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Civil society must work with government, business to solve world's problems - Annan

Civil society must work with government, business to solve world's problems - Annan

The United Nations Secretary-General, Kofi Annan, today encouraged a conference of civil society groups meeting in Brazil to work with, rather than to confront, governments and businesses in finding solutions to the world's problems.

"You in civil society must show that you are ready to work in partnership for change, rather than remain aloof through the politics of confrontation," UN Secretary-General Kofi Annan said in a message to the World Social Forum, an annual conference that looks at ways to counteract the negative affects of globalization and which is held at the same time as the World Economic Forum.

"The way forward lies in finding constructive solutions together," said Mr. Annan, whose message was delivered on his behalf in Porto Alegre by Jose Antonio Ocampo, the Executive Secretary of the UN Economic Commission for Latin America and the Caribbean (ECLAC).

The Secretary-General said that two upcoming UN meetings - the International Conference on Financing for Development in March and the World Summit for Sustainable Development in August - were opportunities in which civil society could engage government and business and contribute ideas for mobilizing desperately needed funding for development programmes, dealing with extreme poverty, making trade more balanced and ensuring that economies and societies were "on more durable footing" for the future.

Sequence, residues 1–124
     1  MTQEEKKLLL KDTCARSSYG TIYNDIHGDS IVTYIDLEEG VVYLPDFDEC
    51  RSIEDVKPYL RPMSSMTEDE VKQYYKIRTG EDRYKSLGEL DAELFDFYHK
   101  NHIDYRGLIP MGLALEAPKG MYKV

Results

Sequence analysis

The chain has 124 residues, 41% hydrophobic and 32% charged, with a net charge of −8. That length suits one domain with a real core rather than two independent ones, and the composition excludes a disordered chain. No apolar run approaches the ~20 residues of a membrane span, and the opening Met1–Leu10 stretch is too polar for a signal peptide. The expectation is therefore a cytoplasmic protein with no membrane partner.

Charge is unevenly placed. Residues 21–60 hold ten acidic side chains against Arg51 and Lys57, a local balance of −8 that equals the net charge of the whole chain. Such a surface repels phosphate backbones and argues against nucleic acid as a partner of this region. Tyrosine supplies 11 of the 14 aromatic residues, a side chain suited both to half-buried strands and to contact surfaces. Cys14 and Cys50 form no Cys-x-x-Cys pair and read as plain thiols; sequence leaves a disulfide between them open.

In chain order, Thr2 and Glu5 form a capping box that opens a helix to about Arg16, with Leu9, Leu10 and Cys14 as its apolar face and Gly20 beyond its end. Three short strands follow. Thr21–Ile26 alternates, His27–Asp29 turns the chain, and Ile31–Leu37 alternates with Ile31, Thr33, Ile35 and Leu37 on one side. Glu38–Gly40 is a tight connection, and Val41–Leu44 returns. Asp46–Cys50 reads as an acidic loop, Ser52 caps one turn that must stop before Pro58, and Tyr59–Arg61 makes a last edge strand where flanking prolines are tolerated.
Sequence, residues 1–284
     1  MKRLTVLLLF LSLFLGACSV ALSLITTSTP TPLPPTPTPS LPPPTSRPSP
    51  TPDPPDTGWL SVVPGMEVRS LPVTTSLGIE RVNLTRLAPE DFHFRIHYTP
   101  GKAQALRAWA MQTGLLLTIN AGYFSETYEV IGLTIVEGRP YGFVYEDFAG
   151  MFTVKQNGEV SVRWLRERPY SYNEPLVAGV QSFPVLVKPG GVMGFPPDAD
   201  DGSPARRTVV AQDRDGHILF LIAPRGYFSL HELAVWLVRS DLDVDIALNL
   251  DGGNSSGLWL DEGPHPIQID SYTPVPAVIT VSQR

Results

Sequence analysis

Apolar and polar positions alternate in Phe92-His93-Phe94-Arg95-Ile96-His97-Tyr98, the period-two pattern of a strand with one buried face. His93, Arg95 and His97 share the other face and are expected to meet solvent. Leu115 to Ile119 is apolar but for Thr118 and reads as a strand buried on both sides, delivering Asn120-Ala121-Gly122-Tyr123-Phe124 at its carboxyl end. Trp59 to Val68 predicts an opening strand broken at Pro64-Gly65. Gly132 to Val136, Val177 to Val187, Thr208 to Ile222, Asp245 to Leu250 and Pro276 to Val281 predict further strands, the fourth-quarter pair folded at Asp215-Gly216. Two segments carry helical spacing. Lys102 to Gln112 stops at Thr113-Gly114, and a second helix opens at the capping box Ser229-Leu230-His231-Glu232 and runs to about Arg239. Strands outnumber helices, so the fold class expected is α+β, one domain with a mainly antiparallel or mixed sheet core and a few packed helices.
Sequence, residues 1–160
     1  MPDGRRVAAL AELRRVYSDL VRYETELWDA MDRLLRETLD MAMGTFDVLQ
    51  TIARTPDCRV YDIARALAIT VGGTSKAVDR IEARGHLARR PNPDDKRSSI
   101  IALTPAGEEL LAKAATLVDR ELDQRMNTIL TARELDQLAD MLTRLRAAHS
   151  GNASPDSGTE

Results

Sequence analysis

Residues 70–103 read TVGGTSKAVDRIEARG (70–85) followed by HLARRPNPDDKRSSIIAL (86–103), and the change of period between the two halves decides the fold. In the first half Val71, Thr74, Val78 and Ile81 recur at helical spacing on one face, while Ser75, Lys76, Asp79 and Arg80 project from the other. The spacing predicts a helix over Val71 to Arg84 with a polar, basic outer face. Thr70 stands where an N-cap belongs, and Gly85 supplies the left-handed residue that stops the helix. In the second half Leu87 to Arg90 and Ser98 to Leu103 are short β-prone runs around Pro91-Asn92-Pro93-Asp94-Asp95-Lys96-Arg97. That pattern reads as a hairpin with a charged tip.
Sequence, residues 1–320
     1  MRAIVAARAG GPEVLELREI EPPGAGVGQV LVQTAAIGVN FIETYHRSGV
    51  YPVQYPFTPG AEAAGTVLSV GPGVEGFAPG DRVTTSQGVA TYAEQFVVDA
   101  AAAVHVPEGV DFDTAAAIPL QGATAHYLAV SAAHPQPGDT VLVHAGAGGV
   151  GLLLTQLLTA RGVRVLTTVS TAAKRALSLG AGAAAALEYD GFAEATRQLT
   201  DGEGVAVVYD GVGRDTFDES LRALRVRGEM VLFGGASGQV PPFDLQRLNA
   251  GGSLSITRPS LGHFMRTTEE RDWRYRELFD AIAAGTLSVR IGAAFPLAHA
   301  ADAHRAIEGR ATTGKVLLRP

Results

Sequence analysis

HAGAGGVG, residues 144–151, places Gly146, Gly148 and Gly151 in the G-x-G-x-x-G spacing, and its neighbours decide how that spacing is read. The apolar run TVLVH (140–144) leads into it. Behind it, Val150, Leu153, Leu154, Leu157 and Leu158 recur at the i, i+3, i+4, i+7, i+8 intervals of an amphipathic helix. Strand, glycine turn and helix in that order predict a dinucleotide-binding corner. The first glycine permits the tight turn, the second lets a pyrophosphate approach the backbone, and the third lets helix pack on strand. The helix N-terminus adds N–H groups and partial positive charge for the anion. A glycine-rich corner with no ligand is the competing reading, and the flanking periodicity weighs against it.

"On all these challenges, the United Nations will depend increasingly on the constructive engagement of civil society," Mr. Annan said. "Our ability to improve the lives of the men and women of this planet will depend on the ability of all sectors of society to move beyond ideology, and work together in the search for pragmatic solutions."

The Secretary-General told the participants of the Porto Alegre conference that in his address today to the World Economic Forum in New York he intended to stress that the UN's one guiding motto in the 21st century "is to put people at the centre of everything we do."

Echoing some of these thoughts, Mary Robinson, the UN High Commissioner for Human Rights, said in an appeal issued earlier in Porto Alegre that it was within the global community's power to ensure that globalization became a positive force for all the world's people and that an ethical globalization was its best hope for building bridges of respect and understanding between people of different cultures, traditions and walks of life.

"Globalization as an economic process must be subject to the moral and ethical imperatives to which the international human rights instruments give legal expression," Mrs. Robinson said. "Human rights are more than just good ideas or distant goals. Human rights provide a rigorous framework to empower people from around the world to harness the energies of the global movement and shape a new globalisation that benefits all people."